Governor Brown Signs Legislation Placing a 12-Month Limit On Buyout Clauses In School Superintendent Contracts

Lozano Smith Client News Brief
September 2015
Number 52

This week, Governor Brown signed a new law (AB 215) that will prohibit school superintendent contracts executed on or after January 1, 2016 from providing more than twelve (12) months of severance pay if the superintendent's contract is terminated without cause. In recent years, several costly superintendent buyouts have gained great notoriety, and AB 215 was introduced in response to those situations.

A cap on superintendent severance payments actually predated AB 215 and has been in existence for many years. For a local agency employee on an individual contract, existing law states that the maximum cash settlement allowed is his or her monthly salary through the end of the contract term and, if the unexpired term is greater than eighteen (18) months, the maximum settlement is eighteen (18) months of pay. For a school district employee on an individual contract, existing law also contains a limit of six (6) months pay for any cash or noncash settlement to a superintendent if the local agency employer believes, and subsequently confirms by an independent audit, that the superintendent has engaged in fraud, misappropriation of funds, or other illegal fiscal practices. Under existing law, the appropriateness of the settlement amount is determined by an administrative law judge after a hearing.

AB 215 restricts the discretion of school boards on these two matters for any superintendent contract signed on or after January 1, 2016. Thus, the new limit will apply to new contracts or to any existing contract amended after the start of the new year.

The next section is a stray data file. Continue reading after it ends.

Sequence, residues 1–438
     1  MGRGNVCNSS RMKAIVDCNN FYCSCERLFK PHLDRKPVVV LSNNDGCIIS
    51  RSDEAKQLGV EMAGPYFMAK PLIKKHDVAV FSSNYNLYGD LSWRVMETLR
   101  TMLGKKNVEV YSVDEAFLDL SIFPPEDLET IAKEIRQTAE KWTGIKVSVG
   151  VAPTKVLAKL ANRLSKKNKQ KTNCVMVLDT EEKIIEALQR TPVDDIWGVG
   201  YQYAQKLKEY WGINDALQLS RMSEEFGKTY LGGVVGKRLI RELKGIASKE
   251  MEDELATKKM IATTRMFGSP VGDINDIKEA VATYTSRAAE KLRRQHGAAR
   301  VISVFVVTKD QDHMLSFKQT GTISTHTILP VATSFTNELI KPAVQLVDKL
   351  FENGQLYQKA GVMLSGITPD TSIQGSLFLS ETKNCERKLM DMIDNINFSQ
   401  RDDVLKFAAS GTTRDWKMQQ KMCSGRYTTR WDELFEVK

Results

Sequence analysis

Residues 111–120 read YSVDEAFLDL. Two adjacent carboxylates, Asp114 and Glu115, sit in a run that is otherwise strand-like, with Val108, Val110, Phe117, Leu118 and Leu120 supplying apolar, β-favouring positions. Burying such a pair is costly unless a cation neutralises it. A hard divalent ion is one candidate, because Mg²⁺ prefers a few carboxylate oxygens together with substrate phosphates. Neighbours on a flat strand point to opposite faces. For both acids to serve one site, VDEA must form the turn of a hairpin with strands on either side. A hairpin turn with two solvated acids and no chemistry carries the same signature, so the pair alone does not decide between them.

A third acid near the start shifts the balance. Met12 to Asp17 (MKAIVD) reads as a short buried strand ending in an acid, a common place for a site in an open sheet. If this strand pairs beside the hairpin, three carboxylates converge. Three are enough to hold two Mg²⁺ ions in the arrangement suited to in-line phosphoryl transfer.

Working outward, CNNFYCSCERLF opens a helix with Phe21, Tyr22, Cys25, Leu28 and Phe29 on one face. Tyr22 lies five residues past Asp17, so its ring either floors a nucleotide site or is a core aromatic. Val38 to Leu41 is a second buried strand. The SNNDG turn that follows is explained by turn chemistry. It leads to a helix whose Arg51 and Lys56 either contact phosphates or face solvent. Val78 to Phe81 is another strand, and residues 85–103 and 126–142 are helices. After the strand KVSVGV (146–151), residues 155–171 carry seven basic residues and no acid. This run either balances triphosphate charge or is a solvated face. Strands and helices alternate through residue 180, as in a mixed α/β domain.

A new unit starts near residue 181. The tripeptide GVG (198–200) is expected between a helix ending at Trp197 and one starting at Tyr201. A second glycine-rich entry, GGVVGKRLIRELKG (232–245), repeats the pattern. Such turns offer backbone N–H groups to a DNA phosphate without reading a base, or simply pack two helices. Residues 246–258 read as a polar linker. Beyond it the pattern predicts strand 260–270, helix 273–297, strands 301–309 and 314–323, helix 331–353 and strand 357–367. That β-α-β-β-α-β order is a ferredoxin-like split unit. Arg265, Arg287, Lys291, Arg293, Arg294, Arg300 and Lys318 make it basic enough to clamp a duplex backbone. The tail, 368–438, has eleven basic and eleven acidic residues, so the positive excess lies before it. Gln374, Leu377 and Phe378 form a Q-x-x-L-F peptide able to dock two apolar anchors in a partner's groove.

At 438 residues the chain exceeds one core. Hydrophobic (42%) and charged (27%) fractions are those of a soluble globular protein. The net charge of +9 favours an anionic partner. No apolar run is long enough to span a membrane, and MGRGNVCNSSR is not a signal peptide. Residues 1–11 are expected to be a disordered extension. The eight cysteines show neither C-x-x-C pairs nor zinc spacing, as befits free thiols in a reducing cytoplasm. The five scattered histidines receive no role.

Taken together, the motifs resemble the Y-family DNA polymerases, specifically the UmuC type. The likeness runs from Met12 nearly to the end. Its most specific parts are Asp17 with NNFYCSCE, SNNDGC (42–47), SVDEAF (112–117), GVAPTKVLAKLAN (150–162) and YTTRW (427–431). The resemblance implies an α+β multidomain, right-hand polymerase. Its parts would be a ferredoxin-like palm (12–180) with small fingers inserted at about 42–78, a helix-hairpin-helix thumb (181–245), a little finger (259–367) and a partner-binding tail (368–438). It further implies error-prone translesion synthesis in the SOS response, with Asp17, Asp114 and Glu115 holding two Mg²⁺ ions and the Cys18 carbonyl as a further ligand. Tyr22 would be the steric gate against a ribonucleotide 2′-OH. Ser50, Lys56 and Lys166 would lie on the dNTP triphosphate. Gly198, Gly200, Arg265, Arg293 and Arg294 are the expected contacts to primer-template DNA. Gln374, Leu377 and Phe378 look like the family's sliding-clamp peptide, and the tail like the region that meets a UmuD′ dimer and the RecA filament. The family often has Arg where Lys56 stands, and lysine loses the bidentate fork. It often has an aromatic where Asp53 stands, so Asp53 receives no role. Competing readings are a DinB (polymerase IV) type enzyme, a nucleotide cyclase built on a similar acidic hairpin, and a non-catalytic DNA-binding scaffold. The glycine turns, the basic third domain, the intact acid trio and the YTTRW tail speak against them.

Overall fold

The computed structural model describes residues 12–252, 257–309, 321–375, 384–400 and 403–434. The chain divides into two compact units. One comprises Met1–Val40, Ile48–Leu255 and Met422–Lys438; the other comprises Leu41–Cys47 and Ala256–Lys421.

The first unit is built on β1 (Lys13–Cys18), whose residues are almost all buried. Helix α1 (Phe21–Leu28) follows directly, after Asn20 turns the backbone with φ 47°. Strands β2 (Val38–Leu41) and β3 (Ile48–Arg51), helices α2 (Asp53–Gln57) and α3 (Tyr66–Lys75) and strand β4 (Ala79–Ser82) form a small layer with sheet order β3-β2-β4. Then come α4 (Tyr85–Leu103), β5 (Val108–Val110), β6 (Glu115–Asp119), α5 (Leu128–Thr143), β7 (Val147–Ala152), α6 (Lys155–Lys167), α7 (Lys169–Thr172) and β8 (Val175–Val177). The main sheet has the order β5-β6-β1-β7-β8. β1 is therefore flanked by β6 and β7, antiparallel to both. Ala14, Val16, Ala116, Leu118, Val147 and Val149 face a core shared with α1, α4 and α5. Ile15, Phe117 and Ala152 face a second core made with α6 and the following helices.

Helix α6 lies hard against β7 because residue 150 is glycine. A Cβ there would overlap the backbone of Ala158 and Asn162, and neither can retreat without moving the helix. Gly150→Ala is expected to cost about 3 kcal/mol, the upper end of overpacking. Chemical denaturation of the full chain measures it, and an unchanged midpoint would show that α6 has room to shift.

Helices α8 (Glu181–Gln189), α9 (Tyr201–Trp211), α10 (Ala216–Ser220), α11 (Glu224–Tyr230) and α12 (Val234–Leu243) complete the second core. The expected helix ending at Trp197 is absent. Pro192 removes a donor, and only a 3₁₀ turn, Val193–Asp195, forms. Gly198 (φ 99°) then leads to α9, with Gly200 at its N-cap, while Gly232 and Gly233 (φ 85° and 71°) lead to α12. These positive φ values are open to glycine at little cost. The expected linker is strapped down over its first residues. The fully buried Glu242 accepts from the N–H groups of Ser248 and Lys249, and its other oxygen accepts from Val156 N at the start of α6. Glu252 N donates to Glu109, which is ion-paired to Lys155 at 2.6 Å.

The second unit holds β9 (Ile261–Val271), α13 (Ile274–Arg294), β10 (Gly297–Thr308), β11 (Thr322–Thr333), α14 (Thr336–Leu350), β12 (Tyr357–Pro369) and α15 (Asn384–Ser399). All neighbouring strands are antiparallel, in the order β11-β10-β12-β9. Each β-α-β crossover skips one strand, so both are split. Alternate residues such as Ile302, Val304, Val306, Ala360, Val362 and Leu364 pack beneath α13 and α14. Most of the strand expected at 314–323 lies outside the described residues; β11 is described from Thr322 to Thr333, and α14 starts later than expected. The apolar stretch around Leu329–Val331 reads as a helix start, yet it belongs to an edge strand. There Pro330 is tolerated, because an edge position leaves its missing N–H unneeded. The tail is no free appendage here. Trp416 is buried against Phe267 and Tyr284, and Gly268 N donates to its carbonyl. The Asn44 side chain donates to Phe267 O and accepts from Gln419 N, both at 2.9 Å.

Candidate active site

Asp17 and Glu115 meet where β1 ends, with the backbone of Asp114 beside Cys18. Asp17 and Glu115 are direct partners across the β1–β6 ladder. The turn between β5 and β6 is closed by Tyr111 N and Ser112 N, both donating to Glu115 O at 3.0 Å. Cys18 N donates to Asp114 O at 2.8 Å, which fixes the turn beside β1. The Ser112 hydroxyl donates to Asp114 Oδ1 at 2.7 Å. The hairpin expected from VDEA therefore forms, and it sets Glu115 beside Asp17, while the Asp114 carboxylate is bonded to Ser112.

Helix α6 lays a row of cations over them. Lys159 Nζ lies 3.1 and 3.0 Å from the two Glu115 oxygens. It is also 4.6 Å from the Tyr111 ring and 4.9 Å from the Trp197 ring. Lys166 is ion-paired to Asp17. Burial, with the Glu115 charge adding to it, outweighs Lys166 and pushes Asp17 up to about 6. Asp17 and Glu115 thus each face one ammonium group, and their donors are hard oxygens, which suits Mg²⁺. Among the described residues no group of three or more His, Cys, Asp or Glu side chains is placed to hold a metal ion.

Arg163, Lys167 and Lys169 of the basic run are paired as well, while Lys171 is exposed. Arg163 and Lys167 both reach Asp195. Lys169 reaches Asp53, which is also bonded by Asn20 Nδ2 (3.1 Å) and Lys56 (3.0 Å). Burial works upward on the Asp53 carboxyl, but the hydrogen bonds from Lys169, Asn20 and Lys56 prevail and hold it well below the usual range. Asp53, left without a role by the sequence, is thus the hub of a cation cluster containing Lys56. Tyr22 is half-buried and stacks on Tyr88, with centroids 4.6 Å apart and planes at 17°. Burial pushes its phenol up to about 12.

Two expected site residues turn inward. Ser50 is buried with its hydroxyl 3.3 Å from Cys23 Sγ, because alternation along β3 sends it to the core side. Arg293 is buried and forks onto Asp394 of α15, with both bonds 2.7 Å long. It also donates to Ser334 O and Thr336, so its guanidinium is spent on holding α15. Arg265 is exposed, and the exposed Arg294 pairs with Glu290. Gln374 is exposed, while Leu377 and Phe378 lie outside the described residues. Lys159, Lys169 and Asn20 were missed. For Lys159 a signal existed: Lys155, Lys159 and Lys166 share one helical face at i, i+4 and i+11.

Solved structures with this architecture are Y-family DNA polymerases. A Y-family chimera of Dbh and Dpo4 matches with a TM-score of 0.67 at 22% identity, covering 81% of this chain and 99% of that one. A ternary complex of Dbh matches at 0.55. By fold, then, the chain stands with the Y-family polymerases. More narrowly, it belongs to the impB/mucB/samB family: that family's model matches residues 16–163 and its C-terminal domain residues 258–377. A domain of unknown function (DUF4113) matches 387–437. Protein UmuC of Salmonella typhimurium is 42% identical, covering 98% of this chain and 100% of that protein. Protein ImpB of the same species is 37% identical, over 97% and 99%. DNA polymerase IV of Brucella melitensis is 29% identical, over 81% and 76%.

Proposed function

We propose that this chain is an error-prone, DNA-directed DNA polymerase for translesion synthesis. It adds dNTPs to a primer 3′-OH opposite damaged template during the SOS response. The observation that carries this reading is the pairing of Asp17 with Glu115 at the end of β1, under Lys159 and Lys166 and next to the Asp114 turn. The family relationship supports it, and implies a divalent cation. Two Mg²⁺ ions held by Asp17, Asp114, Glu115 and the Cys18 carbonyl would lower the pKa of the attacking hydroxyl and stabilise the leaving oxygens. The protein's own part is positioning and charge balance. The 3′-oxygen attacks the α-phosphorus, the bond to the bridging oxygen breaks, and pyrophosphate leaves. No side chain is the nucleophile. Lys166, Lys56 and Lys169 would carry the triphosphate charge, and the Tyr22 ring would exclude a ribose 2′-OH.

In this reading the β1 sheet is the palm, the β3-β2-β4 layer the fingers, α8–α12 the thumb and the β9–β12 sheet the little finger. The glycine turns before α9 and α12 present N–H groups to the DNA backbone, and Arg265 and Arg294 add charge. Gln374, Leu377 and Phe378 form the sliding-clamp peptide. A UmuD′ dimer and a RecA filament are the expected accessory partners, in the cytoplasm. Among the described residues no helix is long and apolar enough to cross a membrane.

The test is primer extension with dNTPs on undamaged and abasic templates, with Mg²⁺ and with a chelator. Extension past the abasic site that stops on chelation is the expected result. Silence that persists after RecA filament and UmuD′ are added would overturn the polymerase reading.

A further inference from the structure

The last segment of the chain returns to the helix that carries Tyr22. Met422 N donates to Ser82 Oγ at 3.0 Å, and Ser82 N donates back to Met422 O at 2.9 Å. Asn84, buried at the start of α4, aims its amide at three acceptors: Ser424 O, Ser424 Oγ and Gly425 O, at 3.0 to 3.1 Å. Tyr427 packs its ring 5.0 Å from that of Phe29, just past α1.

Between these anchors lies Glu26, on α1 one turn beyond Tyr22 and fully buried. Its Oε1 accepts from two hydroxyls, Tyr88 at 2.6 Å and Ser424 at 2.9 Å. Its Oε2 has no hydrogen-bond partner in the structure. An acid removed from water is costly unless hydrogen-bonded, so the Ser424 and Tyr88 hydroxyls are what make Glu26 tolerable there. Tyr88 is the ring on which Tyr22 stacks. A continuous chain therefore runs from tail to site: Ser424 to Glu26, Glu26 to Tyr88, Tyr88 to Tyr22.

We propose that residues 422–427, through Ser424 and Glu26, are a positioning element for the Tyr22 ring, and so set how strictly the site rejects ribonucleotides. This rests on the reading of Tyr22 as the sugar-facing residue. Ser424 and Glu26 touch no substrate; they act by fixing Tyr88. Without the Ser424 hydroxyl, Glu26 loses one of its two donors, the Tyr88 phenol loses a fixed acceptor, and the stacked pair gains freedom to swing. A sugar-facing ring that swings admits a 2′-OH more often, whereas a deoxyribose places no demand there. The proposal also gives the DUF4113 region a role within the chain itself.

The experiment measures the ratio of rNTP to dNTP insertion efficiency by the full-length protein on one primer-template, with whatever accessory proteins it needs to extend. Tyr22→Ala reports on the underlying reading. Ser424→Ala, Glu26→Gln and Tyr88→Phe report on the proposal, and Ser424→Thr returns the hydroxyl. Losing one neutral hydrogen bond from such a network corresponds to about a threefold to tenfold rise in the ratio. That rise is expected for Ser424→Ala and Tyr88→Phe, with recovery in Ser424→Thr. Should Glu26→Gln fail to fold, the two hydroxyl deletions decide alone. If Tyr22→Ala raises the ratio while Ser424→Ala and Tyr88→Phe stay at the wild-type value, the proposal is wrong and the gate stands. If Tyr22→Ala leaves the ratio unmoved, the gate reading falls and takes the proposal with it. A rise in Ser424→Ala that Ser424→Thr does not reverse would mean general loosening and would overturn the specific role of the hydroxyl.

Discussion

Under the new law, a school superintendent's maximum cash settlement is limited to the lesser of: (a) the remainder of the superintendent's contract or (b) an amount equal to twelve (12) months of salary. The new law expressly applies this limit to a district superintendent of schools and does not specifically reduce the 18-month limit for other employees with individual contracts (e.g., assistant superintendents, chief business officers). In practice, however, we expect that the new 12-month limit will be used for the superintendent's subordinates as well. It should also be noted that the eighteen (18) month severance pay limitation is still applicable to non-school public agency employers.

AB 215 also now prohibits a local agency employer from providing any cash or noncash settlement to a school superintendent if the employer believes, and a subsequent independent audit confirms, that the superintendent has engaged in fraud, misappropriation of funds, or other illegal fiscal practices. AB 215 removes the existing pre-judicial administrative appeal process for the employer's determination.

Employers should note that existing law also prohibits a public employer from agreeing to a settlement that continues an employee's health benefits beyond the term of the settlement, or until the employee finds other employment, whichever is first. Under AB 215, a one-year period will now be the maximum time allowed for this extension of health benefits to a school superintendent who is terminated without cause under a contract signed on or after January 1, 2016.

AB 215 was opposed by several groups on the contention that it will further inhibit the ability for school boards to recruit highly qualified superintendent candidates. These groups further asserted that the higher cost of buyouts actually discouraged the practice, and that the lower cost will lead to an increase in buyouts and administrative turnover without a significant cost savings. Notwithstanding these arguments, AB 215 is now law and will apply to any superintendent contract signed on or after January 1, 2016.

For further information about AB 215 case and superintendent contracts, please contact one of our nine offices located statewide. You can also visit our website, follow us on Facebook or Twitter, or download our Client News Brief App.
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As the information contained herein is necessarily general, its application to a particular set of facts and circumstances may vary. For this reason, this News Brief does not constitute legal advice. We recommend that you consult with your counsel prior to acting on the information contained herein.